Native Fish and Streamlife Observation Outing, May 11th, 2002

The North American Native Fishes Association
Cleveland Aquarium Society
Mahoning River Consortium

by Rob Carrillio


Eagle Creek

Rock Creek

Stratton Creek


Fish List

Thanks to Nick Zarlinga

More Photos





Stratton Creek

Stratton Creek, at Kinsman, Ohio, is a tributary of Pymatuning Creek which is a tributary of the Shenango River. All of this water flows south, so this of course makes Stratton Creek a part of the Ohio River drainage. This is a little waterway, barely averaging 12 feet wide in the locations we were to sample for fish, yet has every bit as much diversity as any other larger river or stream. Stratton Creek is almost always a clear running stream because the riparian zones on each side of the stream remain intact and mature. In my experiences, I have found that the smaller streams which boast the most diverse habitat have the most diversity in fishes!

As we parked our vehicles and made our way through the thick growth along the banks, I opted to take an easy way to view the sampling of this stream. I sat on top and on the edge of the overpass crossing this peaceful little river. For a moment, I felt like Tom Sawyer lazily wasting away the day, day-dreaming amidst the calm. The sound of the water, by this time of day, nearly coaxed me into a nap! I love these outings! Anyway, I better wake up and point out something unique about Stratton.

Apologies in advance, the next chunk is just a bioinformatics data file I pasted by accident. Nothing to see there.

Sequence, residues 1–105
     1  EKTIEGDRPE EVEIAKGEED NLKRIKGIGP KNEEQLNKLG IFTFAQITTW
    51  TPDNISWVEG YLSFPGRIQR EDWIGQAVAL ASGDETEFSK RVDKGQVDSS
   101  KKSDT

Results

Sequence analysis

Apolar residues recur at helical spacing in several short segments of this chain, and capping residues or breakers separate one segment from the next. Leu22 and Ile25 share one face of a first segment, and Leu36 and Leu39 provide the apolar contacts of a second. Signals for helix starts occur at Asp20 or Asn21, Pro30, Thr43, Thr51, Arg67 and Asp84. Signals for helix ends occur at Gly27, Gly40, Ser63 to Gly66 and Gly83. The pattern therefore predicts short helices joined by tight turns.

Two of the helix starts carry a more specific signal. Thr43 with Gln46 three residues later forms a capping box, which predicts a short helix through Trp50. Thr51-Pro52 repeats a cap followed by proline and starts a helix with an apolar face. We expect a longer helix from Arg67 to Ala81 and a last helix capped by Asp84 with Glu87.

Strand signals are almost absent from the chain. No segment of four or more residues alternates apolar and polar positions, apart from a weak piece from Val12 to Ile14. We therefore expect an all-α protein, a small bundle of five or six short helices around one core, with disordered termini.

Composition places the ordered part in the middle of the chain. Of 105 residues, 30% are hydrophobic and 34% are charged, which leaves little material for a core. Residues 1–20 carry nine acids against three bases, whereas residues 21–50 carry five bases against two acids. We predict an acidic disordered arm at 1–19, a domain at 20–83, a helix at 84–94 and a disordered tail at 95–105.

Mottled sculpin


In my opinion, this stream has produced some of the most colorful rainbow darters I have ever seen, as well as a population so plentiful, that one rarely misses catching one! If your net is in the water, you just may even catch one by accident! Today, at Stratton Creek, we would basically see a repeat of what had been turning up at the two previous sites.

This stream was running rather high from recent rains, so habitat here, too, was limited. It was nice to turn up some stripped shiners, however, common shiners, a similar fish, seem to be the most abundant. You can witness how dazzling in color a spawning common shiner, can be, by seeing the May 6th 2000 Ohio Regional NANFA Outing web site link from the NANFA web site at

The day was winding down so we decided to call it quits at Stratton Creek. We regrouped after cleaning up any excess litter we found, viewed and documented our findings, then dispersed. By the way, I want to thank participants who helped with litter clean up at each of the sites! It's always good practice to leave the streams in better shape than when we first arrived, at least in the litter category! This also means property owners will welcome future such stream outings.


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